7 Blog

Movies, dining and things to do / Spokane and North Idaho

Hang out with The Dude tonight at The Garland

You can't buy much for $1 anymore. Oh, if you scour the aisles at your local grocery store, or stop by a Dollar Tree location, you can find everything from shampoo to party supplies, all for just that single Washington.

But movies? Not to date myself or anything, but I can remember $.25 movie matinees (which is what I paid one Saturday to see the Charlton Heston version of “Ben-Hur”). These days, though? Even The Garland Theater charges $5 for general admissions anymore ($2.50 on Wednesdays).

Not for select showings during the summer, however. Tonight at 9:30, The Garland will screen the Coen brothers' 1998 film “The Big Lebowski” for the admission price of, yes, $1. In fact, the Garland-area theater is boasting a whole selection of summer showings for that same discounted price.

If you haven't seen “The Big Lebowski,” you should know that it's a typical example of the Coens and their offbeat attitude. Jeff Bridges plays The Dude, a pot-smoking guy who gets mistaken for someone and finds himself involved in a scheme that … well, let's let Roger Ebert explain: “It involves kidnapping, ransom money, a porno king, a reclusive millionaire, a runaway girl, the Malibu police, a woman who paints while nude and strapped to an overhead harness, and the last act of the disagreement between Vietnam veterans and Flower Power. It has more scenes about bowling than anything else.”

First time I saw “The Big Lebowski” I was disappointed. The second time, some 20 years later, I connected with the humor and laughed all the way through. Either way, you're likely to find something about the movie that's entertaining.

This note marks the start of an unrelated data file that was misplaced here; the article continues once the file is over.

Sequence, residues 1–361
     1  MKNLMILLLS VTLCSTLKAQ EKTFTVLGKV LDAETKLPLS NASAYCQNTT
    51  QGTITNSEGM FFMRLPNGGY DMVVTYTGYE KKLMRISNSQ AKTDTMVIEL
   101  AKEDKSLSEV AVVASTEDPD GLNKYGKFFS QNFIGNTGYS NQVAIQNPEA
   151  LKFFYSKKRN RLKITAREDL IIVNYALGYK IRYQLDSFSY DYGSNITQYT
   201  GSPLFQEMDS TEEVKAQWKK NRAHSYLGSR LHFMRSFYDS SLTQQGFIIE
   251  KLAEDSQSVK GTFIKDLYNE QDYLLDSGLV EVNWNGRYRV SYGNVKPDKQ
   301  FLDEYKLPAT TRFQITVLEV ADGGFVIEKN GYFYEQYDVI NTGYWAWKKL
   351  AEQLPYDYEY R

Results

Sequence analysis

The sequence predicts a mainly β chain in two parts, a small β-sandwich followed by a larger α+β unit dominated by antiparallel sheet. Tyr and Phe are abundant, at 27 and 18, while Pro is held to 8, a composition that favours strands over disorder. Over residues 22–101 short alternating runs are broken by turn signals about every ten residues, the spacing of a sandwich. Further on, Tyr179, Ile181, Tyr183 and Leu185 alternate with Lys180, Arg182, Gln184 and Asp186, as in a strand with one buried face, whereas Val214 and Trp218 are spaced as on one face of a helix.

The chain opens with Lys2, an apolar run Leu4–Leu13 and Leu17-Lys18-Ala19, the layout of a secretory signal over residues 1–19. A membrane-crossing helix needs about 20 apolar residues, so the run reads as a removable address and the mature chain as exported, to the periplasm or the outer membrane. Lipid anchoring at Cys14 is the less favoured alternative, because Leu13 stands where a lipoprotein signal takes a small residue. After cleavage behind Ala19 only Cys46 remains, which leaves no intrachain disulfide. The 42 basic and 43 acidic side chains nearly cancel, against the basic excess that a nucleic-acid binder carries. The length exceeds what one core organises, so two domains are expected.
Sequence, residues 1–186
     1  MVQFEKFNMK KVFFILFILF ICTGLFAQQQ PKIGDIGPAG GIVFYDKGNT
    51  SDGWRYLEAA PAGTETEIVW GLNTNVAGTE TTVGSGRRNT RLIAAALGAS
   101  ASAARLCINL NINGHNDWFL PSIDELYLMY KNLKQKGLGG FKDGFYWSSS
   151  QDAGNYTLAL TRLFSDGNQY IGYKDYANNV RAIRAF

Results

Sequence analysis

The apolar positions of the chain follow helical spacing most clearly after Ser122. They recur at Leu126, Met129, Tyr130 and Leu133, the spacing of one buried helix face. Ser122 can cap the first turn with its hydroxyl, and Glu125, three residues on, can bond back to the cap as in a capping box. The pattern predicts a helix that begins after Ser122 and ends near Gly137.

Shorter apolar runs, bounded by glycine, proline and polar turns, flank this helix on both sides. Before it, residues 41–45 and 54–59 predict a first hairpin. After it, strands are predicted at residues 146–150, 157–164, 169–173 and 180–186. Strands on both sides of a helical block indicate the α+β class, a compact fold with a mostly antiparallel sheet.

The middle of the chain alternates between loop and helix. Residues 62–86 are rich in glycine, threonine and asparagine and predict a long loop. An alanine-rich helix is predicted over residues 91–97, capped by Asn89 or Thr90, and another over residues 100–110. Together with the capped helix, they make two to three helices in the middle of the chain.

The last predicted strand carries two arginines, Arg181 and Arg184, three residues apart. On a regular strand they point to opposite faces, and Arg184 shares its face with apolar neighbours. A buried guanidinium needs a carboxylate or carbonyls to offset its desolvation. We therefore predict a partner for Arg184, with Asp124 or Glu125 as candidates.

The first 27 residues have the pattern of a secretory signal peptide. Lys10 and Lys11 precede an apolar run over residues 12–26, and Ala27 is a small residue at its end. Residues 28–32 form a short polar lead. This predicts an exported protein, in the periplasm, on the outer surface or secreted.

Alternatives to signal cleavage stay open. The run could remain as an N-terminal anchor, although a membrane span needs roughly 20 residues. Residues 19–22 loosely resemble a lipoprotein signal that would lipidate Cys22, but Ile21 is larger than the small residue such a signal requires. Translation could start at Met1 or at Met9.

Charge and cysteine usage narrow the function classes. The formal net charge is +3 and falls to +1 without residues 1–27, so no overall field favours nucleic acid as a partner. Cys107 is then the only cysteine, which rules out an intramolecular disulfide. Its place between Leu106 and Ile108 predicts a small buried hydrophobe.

Especially for a buck.

Illness behind Allman cancelation

By now, you’ve likely heard that the Gregg Allman show scheduled for the Martin Woldson Theater at the Fox on Saturday night has been postponed. No reason was given by the promoter, Square Peg Concerts. However, The Oregonian in Portland – where Allman was scheduled to perform Sunday at the Waterfront Blues Festival – reported that Allman checked into a hospital on Monday.

The Oregonian quoted the Waterfront Blues Festival’s artistic director as saying Allman had canceled the whole solo tour. Allman’s team told the paper they hope to reschedule. There’s been no public announcement as to what prompted Allman’s hospitalization.

Ticket refunds are available at the point of purchase.

 

Paul Mazursky, 1930-2014: Master of the ‘70s

Above: A young Christopher Walken starred in Paul Mazursky's 1976 film “Next Stop, Greenwich Village.”

Paul Mazursky died on Monday.